Absorption in the human intestine
The absorption of β-carotene is worse than that of vitamin A. About six times as much β-carotene has to be absorbed in order to provide the body with the same amount of vitamin A. The two fabrics can be freely combined. The German Nutrition Society (DGE) recommends a daily intake of 0.8 to 1.1 mg vitamin A for healthy adults.
In contrast to vitamin A , hypervitaminosis can not develop in humans after excessive intake of carotenes with provitamin A activity . This is due to the lower rate of absorption of carotenes (20–35% for β-carotene) and the limited capacity for conversion into vitamin A. The enzymatically controlled conversion to vitamin A depends on the amount of β-carotene and protein intake, the vitamin -E-supply and the simultaneous fat supply. The vitamin A status also plays a major role: the better the vitamin A supply, the lower the enzyme activity.
Humans transport a large part of ingested carotenoids in unchanged form, while the rat converts carotenoids almost completely. Carotenoids are found in various human organs. The highest concentrations can be found in the liver , adrenal gland , testicles and corpus luteum . In contrast, the kidneys , lungs , muscles , heart , brain or skin have lower carotenoid levels.
An excess of carotenoids as a result of prolonged, excessive intake is visually noticeable in humans as yellowing of the skin ("carotinoderma", "carrot terus ", carotenemia ). The area of the nasolabial folds , the palmar side of the hands and the soles of the feet are initially affected . The yellowing goes back when the oversupply is stopped.
However, the multi-year supplementation of β-carotene is suspected in smokers and drinkers , the incidence risk for lung cancer and colon cancer to increase. For example, in an Australian study in the Journal of the National Cancer Institute on May 21, 2003, which wanted to investigate its effect as a sunscreen, double the number of adenomas in smokers and people who regularly consumed more than one alcoholic drink per day of the colon - the precursors of colon cancer. Instead, their incidence was reduced by 44% in non-smokers and non-drinkers. The American Cancer Society requires warning labels on goods containing β-carotene to warn smokers of a possible increased risk of lung cancer.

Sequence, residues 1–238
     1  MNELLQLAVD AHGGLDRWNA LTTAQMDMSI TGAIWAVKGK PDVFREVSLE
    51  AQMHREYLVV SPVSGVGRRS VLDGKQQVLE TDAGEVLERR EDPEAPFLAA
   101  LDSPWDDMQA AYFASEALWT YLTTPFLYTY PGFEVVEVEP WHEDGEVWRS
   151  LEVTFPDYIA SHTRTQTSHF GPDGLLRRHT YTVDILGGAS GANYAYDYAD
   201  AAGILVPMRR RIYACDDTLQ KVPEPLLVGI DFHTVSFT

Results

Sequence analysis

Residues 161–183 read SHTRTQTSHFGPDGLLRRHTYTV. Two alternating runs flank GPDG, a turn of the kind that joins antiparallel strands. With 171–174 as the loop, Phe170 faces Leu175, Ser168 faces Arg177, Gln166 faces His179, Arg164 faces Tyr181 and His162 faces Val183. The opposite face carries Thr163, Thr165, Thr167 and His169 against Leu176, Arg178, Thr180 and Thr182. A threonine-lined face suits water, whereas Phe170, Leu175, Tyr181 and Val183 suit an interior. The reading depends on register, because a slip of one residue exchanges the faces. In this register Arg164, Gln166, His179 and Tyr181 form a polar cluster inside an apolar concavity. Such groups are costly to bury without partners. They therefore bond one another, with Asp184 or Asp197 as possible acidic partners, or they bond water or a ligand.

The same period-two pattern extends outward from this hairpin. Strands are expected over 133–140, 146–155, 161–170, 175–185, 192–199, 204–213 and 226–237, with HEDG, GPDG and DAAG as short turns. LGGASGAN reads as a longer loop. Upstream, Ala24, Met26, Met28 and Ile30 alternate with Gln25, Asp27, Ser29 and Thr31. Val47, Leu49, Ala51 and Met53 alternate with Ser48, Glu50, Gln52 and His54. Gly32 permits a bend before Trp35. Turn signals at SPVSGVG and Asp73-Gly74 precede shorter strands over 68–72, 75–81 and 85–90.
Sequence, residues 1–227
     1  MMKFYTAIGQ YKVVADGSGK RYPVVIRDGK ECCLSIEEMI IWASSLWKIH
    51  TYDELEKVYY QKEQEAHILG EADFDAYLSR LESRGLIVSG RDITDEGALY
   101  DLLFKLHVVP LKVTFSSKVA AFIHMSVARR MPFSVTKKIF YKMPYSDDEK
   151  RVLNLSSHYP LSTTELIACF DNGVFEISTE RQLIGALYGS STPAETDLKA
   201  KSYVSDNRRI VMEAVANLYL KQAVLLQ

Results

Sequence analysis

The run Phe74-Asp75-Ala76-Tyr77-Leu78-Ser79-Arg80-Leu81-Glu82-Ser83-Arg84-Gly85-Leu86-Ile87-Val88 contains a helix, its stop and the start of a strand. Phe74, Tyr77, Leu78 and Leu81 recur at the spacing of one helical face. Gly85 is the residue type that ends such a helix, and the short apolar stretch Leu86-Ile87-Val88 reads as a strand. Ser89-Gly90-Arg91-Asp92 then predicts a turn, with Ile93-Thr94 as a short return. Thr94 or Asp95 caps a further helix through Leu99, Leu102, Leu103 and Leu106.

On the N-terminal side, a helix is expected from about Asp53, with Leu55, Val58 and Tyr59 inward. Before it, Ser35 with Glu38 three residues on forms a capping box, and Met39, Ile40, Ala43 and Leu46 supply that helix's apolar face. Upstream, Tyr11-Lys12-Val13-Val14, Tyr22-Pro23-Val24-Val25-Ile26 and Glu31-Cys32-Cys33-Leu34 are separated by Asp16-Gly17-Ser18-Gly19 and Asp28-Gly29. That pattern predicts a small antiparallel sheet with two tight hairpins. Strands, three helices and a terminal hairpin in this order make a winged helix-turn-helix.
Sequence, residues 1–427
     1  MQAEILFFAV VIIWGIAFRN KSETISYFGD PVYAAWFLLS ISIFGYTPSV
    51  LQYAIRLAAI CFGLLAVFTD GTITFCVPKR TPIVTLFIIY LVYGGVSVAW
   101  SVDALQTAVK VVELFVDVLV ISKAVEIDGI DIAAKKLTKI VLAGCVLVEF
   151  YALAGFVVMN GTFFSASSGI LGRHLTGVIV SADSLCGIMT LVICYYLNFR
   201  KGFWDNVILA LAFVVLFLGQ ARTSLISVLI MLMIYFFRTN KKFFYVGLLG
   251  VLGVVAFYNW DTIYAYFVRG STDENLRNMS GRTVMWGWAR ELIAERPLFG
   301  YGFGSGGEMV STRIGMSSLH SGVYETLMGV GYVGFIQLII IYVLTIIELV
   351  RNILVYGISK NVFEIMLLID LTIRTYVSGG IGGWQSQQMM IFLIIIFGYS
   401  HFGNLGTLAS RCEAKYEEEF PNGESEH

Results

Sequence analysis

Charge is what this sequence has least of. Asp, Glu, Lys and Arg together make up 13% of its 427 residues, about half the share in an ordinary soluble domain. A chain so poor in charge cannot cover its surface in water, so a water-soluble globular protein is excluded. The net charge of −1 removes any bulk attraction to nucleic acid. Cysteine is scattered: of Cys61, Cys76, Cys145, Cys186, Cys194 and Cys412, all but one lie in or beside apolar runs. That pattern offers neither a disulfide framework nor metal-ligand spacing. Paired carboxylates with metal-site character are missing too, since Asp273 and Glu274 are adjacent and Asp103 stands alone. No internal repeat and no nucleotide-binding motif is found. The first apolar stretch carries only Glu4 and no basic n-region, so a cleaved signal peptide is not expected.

Regulations of the Federal Institute for Drugs, which have been in force since May 2006, only partially take into account the results and obvious conclusions from the above study. Since then, all drugs containing β-carotene have had to carry a warning that they pose an increased risk for smokers of developing lung cancer. Medicines containing more than 20 mg β-carotene may no longer be prescribed to smokers. No statement can be made from the studies as to whether the consumption of natural foods with a natural carotene content could pose a risk; however, the proportion of β-carotene in natural foods and juices is often noticeably lower than in artificially fortified foods.
As part of the so-called CARET study in the 1990s, the effect of supplementing 30 mg β-carotene daily in combination with 25,000 IU retinyl palmitate on the risk of incidence of various cancers and mortality was examined. 18314 people took part whose risk of lung cancer was increased because they either had a long smoking career or were exposed to asbestos dust . In addition to the further increase in the risk of lung cancer, the researchers found that the presumed consequence of supplementation was an increased mortality rate from cardiovascular disease .
Carotene was first discovered by Ferdinand Wackenroder , who isolated it from carrots. William Christopher Zeise realized that it was a hydrocarbon . Paul Karrer , who received the Nobel Prize for Chemistry in 1937 for his research on carotenoids , flavins and vitamins , had established the correct constitutional formula for beta-carotene in 1930 . To elucidate the structure, he used degradation reactions with ozone, potassium permanganate or chromic acid. The exact arrangement of the atoms of β-carotene was determined with the help of X-ray structure analysis and announced in 1964.